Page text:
Out of a grainy, slowly moving monochrome image of objects so abstract and removed from context that their form can be discerned but no function can be determined, a soft voice enters the ethereal solitude with a plea: “Listen patiently. We, who are the Last Men, earnestly desire to communicate with you.”
One of the first objects presented is a vast concrete torus set in alignment with another cylindrical aperture, possibly a portal or communicator, a window on the future, along with its power source or focusing apparatus? The voice tells us that it comes to us with difficulty from 2,000,000,000 terrestrial years in the future, that the end of humanity is imminent, and that it will occur swiftly.
Against the bleak landscape the story is told of the series of races of men of whom the eighteenth now speak, the Last Men, having fled from the eruption of the Sun when it collided with a cloud of interstellar gas to Neptune only to find that another catastrophe awaits as a nearby star approaches nova, the radiation expelled set to extinguish all life within its radius faster than it can flee.
Shot primarily in the former Socialist Federal Republic of Yugoslavia on 16mm film and focusing on sites such as the Monument to the Revolution or the “Stone Flower” Jasenovac monument, Last and First Men was the feature directorial debut of the late composer Jóhann Jóhannsson, adapted from Olaf Stapledon’s 1930 novel by Jóhannsson and José Enrique Macián.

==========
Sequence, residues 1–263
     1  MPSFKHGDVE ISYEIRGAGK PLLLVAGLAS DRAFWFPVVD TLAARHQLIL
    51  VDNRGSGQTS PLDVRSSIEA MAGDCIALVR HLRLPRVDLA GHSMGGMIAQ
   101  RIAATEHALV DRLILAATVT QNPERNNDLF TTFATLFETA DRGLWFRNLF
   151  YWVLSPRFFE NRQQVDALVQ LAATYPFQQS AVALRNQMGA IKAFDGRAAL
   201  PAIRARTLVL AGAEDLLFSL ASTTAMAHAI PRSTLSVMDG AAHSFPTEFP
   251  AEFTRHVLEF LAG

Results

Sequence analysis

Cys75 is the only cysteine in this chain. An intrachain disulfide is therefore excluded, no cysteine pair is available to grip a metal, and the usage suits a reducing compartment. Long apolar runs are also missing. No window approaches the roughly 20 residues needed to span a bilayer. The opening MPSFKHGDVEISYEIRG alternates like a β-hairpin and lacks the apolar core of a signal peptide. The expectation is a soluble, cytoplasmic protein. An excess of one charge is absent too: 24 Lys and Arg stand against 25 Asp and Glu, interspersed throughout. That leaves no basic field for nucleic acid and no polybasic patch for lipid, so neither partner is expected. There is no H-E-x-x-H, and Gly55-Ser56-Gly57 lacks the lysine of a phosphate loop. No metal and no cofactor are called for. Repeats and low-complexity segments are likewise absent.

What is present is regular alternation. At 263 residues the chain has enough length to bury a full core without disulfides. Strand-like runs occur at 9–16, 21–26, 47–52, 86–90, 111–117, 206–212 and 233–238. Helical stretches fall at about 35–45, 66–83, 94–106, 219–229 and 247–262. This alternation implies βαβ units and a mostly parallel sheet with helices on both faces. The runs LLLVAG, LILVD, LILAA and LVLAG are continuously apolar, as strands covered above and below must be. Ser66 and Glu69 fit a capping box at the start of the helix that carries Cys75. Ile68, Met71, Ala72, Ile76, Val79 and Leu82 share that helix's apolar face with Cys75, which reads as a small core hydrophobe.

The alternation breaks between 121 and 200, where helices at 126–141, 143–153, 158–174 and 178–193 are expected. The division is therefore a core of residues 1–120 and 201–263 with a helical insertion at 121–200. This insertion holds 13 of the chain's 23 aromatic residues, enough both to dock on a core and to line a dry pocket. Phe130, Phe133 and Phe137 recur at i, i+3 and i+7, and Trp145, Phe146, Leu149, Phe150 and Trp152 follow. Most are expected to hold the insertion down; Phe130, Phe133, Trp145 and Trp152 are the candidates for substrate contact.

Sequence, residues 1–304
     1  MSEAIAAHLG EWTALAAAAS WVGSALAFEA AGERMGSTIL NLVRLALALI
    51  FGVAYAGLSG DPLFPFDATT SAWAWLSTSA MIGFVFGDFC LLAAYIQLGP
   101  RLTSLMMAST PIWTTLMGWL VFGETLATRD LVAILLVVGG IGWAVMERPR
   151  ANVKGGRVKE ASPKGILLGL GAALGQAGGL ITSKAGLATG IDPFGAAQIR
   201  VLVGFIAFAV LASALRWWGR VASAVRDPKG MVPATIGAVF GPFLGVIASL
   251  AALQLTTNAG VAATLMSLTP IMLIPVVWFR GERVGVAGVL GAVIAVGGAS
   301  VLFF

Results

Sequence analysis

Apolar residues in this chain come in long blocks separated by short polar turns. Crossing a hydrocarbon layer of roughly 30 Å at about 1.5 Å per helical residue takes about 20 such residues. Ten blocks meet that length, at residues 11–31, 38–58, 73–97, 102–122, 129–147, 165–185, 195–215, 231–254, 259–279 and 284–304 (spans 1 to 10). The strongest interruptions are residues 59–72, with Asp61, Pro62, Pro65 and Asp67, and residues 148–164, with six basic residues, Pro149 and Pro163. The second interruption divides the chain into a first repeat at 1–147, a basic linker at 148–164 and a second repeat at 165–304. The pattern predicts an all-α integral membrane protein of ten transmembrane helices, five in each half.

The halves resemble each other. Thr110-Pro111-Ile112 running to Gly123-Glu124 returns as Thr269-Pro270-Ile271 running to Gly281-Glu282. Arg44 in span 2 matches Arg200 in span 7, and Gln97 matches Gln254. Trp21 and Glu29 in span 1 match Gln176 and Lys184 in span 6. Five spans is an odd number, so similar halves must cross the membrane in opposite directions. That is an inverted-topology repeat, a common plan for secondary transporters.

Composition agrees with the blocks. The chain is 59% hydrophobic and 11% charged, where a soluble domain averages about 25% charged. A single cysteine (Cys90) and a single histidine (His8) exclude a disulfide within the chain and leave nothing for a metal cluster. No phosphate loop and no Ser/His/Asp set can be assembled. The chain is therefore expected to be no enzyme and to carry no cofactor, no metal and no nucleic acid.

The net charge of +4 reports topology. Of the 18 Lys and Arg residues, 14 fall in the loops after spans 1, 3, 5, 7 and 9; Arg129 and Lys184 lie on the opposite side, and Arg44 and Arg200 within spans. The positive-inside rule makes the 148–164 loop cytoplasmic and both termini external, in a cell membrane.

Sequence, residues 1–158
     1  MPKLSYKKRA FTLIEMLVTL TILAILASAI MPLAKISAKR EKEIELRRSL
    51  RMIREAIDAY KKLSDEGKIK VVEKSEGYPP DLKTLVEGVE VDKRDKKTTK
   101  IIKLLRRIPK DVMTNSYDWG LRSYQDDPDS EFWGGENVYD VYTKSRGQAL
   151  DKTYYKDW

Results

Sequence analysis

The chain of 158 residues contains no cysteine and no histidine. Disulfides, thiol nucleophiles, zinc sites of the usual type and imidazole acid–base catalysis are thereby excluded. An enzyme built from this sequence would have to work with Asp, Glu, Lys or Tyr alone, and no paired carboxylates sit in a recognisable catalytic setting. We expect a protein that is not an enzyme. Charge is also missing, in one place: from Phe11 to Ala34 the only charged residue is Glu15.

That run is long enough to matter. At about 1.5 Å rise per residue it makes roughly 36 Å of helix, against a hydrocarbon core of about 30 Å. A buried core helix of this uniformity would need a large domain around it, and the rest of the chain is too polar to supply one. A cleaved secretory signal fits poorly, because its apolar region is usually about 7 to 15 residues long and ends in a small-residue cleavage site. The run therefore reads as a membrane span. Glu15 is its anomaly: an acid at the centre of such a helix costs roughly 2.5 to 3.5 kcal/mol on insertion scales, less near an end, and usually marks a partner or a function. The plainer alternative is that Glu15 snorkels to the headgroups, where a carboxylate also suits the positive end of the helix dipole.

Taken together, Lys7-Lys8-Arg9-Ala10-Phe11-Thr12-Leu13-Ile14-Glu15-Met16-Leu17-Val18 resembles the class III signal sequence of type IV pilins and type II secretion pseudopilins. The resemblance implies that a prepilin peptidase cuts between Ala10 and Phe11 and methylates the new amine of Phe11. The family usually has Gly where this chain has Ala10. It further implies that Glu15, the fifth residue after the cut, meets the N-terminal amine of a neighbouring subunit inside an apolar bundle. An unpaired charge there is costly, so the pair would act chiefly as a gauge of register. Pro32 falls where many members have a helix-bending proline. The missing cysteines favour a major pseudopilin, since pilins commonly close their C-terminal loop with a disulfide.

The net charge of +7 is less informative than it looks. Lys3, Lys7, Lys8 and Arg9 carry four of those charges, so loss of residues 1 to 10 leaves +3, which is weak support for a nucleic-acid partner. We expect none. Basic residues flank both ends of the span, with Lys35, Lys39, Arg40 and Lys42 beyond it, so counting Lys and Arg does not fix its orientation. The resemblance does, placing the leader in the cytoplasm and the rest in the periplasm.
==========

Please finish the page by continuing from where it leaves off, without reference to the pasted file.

As would be expected of Jóhannsson, the soundscape is epic and oppressive as Tilda Swinton describes the existence of the Last Men and the long path which has led to their strange existence, driven by changes in the species and the environment, the eye seeking patterns in the abstract concrete configurations, the comfort of a face built of shadow or the familiarity of a horizon.
With rare glimpses of what might be high technology through the permeating mist – actually the Petrova Gora Monument in Karlovac County, Croatia, now largely derelict and topped by a mobile phone mast in recent years – there is loneliness and uncertainty even in a people whose telepathic communion allows them to share the entire past of their race as a personal memory, their history one of monotonous toil rather than the hoped for utopia.
Running to only seventy minutes, Last and First Men is abstract and experimental yet absorbing, and presenting only the final chapters of Stapledon’s work the atmosphere of fin de siècle embodied in the monuments is inescapable, many of them resembling titanic monolithic tombstones drenched in rain and raised to remember the dead of past atrocities.
With the viewer floating in a surreal void buoyed only by Swinton’s cryptic words, like Koyaanisqatsi or Baraka, much of what they make of the film will be what they bring to it, imparting meaning on the images from their own experience, but as “but a flash in the lifetime of the universe” it is a memorial both to Jóhannsson and all those whose lives are commemorated in the sometimes astonishing and alien constructions.